Wednesday, May 9, 2018

Western Side of Denver

May 7, 2018

Richard Stevens:

Temperatures reached a pleasant 79 degrees today.  Winds were 9 mph with gusts to 22 mph.  I birded in congested areas of Jefferson County and seldom was exposed to the winds.

Doug Ward had reported a possible Yellow-bellied Flycatcher and a second "empidonax" flycatcher near Huston Park (Denver).  After returning from a successful Flammulated Owl search in Larimer County last night (Pennock Pass area), I decided to give it a shot.

No flycatchers were encountered in two hours walking around the four blocks where the possible Yellow-bellied Flycatcher was observed.  I circled Huston Park just to the north.  The park has potential with a large cattail lined lake.  A Cassin's Vireo at the northeast corner of the lake was the best bird found.

I continued south and stopped at Belmar Historic Park (Jefferson).  Many birders had searched unsuccessfully for the Baltimore Oriole reported on 5/6. My approach was to walk the outside perimeter and scope down each of the side road.  That approached worked no better than the other birders'.

My birding day ended at Harriman Lake Park (Jefferson).  From previous visits, I calculated that the Northern Waterthrush reported yesterday had to be up the side canal located about 2/3 the way down from the parking area.  Later it was learned to be a good guess.

On the way to the canal, I passed a male Great-tailed Grackle, which was constantly calling.  He would chase the male Red-winged Blackbirds found what I would guess were prime nesting spots.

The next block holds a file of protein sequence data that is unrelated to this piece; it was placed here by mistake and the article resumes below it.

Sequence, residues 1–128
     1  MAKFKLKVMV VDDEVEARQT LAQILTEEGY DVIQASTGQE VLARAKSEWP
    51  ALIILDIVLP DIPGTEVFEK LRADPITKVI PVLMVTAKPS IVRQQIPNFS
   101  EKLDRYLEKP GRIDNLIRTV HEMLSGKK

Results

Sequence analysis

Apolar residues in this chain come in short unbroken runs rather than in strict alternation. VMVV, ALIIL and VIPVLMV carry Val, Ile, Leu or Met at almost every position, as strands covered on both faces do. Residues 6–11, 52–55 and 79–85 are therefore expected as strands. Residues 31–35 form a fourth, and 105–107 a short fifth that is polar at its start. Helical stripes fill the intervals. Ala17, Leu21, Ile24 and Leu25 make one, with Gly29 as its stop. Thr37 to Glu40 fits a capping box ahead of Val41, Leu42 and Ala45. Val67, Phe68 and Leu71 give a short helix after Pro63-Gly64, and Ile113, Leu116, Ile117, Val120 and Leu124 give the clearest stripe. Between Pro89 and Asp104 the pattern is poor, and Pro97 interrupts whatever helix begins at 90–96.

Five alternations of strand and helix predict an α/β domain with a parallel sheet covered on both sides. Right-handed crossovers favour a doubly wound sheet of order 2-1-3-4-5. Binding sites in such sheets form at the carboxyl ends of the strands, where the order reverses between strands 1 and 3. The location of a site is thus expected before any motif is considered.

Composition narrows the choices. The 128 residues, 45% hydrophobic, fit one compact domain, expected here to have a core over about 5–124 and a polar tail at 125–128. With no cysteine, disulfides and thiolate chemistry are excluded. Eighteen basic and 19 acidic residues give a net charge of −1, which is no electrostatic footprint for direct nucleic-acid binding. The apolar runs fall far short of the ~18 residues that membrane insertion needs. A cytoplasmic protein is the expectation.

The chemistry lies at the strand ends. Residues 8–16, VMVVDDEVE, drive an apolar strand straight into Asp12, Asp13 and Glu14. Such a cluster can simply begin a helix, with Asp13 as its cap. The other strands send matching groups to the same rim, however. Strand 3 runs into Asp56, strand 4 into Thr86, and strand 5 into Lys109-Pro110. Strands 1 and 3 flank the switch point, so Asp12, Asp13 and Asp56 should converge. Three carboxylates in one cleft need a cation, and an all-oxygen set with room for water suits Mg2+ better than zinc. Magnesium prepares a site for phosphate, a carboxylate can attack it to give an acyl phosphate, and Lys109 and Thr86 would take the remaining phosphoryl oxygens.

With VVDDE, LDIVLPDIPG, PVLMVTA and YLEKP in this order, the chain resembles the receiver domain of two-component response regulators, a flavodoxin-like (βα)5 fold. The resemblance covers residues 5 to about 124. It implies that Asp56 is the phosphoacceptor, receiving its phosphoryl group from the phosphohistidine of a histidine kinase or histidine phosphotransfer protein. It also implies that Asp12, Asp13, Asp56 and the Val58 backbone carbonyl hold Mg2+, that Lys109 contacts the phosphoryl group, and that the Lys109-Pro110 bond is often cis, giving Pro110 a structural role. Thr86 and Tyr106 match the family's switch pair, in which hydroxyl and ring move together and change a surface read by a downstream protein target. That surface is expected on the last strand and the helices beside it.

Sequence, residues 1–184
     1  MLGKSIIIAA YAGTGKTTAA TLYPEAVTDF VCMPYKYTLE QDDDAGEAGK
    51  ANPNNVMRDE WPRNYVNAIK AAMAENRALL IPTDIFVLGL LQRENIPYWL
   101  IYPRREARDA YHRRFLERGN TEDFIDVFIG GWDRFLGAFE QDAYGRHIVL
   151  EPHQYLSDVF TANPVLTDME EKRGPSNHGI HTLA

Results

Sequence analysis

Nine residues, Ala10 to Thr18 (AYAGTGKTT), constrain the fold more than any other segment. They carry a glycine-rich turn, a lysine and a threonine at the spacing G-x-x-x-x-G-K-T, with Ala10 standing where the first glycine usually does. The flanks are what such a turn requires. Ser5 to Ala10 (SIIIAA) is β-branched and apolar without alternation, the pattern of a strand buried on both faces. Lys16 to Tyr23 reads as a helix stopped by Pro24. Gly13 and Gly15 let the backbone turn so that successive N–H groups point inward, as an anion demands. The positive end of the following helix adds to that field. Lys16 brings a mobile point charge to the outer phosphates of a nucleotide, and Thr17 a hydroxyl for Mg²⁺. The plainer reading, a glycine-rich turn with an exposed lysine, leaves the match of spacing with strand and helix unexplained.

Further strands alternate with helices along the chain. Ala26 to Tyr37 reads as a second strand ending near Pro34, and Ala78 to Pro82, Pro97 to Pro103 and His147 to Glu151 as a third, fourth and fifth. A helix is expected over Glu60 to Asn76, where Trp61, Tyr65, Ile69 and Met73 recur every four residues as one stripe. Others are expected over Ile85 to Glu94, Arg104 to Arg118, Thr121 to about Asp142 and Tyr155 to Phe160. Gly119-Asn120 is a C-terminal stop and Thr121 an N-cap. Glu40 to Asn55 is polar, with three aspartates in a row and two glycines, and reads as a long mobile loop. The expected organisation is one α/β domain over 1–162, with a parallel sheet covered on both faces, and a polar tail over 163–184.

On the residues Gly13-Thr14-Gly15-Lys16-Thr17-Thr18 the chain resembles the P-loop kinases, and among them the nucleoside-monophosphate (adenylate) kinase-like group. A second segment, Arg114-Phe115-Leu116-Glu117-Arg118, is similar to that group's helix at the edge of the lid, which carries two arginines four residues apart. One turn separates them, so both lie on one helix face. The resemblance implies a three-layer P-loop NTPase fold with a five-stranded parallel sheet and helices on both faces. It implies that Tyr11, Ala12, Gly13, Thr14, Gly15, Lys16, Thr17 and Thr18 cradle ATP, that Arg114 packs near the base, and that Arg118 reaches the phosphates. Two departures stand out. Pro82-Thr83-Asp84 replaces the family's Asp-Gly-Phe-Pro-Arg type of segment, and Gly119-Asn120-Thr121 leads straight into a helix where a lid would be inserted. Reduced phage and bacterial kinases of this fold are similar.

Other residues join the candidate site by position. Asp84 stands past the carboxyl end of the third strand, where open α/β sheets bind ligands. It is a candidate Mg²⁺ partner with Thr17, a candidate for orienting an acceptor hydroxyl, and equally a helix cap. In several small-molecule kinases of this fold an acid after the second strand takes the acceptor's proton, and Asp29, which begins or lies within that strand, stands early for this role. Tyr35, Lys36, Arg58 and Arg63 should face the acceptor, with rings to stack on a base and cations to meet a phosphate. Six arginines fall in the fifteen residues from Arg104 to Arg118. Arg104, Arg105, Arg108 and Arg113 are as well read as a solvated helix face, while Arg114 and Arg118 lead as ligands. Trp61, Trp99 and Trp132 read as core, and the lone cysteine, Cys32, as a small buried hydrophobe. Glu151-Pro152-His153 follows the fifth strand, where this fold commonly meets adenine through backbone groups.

Few birds moved along the canal.  The southern end of the canal leads into private yards.  A small pond is just east of the canal.  The pond has a piece of plywood "floating" at its north end.  While scoping the pond with my binoculars I noticed movement behind me.  It took another twenty minutes to get several partial views of the bird walking under the gooseberry bushes.  It was the Northern Waterthrush.  Other birds flying into the bushes included a pair of White-breasted Nuthatches, two Black-capped Chickadees, three Robins and a Yellow Warbler.  I was standing in the path with a half-buried yellow golf ball in its center.

On the return trip to my car, a second male Great-tailed Grackle was observed having a verbal battle with the first one (see Colorado Birding Society's website, "recent favorite bird photos" link.  Then the cause of the verbal scuffle was revealed.  A female Great-tailed Grackle popped out of the cattails.

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